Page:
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    Tips and resources for managing lupus, fatigue, and memory problems.

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    WebMD Expert Discussion: Managing Everyday Fatigue

    Do you have "couch" days and "life" days? That’s how WebMD lupus guest expert Christine Miserandino, a patient advocate, blogger, and author of The Spoon Theory, describes how lupus fatigue rearranges her schedule.

    "Sometimes, I can live my life normally with no major adjustments. But then there are the days when I am 'living life from the couch,'" she says. Although even on her so-called "normal" days, she’s probably dragging more than the average person, Miserandino says that she can function on those days. But then -- the lupus slams into her and knocks her back onto the couch.

    On those days, she surrounds herself with the things she needs -- like the phone and the TV remote -- and gives herself permission to do things like watch movies with her daughter and order dinner in.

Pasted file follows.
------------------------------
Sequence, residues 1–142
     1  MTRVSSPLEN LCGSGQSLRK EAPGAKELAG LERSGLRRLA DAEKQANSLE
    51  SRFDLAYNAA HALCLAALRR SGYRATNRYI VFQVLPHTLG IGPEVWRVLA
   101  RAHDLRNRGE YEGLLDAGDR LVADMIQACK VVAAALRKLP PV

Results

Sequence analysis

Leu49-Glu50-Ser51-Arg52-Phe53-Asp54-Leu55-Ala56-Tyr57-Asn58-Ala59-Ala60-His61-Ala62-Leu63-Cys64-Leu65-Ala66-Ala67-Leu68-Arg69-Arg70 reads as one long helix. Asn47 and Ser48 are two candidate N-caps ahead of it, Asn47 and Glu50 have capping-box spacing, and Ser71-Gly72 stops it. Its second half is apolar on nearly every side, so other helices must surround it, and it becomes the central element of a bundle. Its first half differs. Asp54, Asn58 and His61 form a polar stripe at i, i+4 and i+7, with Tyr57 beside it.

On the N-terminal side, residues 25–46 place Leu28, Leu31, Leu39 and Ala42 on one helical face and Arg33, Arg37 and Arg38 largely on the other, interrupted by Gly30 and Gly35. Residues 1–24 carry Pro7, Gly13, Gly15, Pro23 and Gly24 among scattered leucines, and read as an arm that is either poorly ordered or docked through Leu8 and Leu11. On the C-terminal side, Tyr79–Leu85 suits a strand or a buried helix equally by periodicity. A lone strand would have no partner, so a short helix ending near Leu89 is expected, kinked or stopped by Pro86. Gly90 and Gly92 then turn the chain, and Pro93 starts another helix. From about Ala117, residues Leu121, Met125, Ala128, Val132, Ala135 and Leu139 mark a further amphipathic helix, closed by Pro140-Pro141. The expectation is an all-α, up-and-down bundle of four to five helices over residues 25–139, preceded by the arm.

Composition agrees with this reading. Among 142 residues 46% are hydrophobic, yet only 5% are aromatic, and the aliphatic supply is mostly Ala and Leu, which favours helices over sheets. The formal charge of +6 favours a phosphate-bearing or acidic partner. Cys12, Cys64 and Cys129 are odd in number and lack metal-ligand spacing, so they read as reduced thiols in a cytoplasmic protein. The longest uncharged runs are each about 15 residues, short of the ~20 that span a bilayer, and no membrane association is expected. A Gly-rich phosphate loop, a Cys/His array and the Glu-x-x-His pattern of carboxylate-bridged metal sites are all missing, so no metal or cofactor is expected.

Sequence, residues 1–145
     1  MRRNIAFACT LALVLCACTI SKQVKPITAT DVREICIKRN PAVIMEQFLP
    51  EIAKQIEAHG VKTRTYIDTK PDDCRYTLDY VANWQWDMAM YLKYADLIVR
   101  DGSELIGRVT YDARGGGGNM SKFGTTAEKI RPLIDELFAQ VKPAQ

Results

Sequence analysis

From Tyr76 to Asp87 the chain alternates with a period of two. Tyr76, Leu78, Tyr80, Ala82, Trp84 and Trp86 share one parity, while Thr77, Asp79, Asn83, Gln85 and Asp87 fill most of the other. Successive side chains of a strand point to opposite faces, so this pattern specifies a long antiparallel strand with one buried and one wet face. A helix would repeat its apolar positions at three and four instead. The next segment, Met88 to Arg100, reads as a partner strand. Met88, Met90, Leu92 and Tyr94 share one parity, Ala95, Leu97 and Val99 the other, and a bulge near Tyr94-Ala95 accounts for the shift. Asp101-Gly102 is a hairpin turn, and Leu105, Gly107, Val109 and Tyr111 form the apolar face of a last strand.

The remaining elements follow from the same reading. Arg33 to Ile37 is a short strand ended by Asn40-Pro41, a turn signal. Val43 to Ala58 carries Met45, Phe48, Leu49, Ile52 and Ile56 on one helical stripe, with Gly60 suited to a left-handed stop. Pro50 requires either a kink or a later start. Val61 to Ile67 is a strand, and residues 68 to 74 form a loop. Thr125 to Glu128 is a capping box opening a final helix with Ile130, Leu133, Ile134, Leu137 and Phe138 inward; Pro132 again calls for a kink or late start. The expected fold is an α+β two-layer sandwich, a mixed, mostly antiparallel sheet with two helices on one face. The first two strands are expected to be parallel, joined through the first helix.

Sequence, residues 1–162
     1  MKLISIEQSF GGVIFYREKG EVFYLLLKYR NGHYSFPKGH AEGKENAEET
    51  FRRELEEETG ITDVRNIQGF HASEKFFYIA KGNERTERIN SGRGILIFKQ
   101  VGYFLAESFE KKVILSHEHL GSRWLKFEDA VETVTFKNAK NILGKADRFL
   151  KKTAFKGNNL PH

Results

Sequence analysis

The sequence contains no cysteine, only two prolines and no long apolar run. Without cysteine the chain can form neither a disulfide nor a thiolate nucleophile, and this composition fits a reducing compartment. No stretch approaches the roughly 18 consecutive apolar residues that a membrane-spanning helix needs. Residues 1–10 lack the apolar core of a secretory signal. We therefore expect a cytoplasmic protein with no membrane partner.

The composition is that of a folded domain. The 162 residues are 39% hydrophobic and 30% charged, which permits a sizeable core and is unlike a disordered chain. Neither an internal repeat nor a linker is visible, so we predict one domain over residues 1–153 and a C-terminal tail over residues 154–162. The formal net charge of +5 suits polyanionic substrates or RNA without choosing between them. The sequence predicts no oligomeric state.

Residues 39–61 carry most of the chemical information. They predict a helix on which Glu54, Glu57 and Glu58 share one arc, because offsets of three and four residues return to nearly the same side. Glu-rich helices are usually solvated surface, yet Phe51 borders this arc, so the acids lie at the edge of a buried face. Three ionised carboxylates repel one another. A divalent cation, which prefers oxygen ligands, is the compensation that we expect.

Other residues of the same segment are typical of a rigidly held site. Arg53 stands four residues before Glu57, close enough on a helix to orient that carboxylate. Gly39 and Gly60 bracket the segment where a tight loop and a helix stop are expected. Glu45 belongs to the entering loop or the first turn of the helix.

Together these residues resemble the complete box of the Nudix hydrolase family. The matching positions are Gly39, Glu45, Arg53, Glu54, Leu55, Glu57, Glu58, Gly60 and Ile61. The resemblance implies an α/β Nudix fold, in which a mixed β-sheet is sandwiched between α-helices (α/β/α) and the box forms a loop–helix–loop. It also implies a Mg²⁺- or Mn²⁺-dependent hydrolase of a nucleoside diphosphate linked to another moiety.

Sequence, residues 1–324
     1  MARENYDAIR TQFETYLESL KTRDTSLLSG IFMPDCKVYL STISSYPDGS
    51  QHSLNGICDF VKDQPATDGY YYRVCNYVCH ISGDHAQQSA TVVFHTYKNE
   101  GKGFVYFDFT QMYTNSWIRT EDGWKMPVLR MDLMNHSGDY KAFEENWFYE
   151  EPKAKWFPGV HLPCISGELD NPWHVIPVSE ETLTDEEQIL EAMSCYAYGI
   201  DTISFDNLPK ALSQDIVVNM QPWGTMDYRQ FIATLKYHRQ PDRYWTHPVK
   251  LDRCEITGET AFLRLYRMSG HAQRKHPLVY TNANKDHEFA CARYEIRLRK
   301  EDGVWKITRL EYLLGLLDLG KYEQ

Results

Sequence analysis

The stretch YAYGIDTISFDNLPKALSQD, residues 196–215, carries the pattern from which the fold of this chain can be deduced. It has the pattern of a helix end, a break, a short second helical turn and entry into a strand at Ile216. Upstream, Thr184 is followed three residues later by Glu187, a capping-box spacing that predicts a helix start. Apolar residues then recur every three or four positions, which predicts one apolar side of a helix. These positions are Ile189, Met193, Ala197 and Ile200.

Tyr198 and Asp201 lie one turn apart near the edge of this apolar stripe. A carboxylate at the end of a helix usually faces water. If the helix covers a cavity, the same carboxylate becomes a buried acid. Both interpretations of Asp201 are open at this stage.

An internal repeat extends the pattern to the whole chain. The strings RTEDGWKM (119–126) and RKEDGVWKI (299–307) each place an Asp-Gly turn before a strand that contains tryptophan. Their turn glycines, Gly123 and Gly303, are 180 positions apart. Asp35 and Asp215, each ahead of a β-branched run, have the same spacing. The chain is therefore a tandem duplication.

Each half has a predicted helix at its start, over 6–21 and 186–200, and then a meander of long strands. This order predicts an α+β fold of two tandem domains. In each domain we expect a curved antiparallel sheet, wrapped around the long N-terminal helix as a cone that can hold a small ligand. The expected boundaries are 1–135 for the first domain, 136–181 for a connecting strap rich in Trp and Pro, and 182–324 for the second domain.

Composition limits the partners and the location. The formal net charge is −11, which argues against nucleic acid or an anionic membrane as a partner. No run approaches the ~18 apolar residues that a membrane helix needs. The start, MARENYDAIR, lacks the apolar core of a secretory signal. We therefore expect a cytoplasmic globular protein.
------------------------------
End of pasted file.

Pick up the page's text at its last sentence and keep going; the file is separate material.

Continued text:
Her story of couch and life days strikes a chord with many in the WebMD lupus community, who chime in with their own tales of how lupus fatigue hits them. They all echo the refrain that they have learned to sleep when their body tells them that it needs to rest.

    One woman remembers the chats she and her kids, now grown, had as they sat on the small loveseat in her bedroom on her "couch" (or "bed") days. "It is hard not to feel lazy if you were a task-oriented person pre-lupus. It seems like many of us were," she observes. "I have learned to accept if I achieve one or two goals I should be happy, and not stress over what I did not do."

    She also offers a number of other tips for managing and forestalling fatigue, like letting the house get a little messier than you normally would, or using a cane when out walking so that you pace yourself and don’t walk faster than you should, and maintaining a sense of humor.

    Another woman admits that there hasn’t been a day for a long time when she’s actually felt "well." She echoes the advice not to be too picky about the small details, and to forgive yourself for the things that you’re not able to do. "The main thing is to accept that it is not your fault," she says.

    What tips do you have to share to get through the days when lupus fatigue hits you?

    Discussion led by Christine Miserandino Expert
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    Guest Expert What is a guest expert?

    Christine Miserandino is a lupus advocate who writes, blogs, and speaks about living with lupus.

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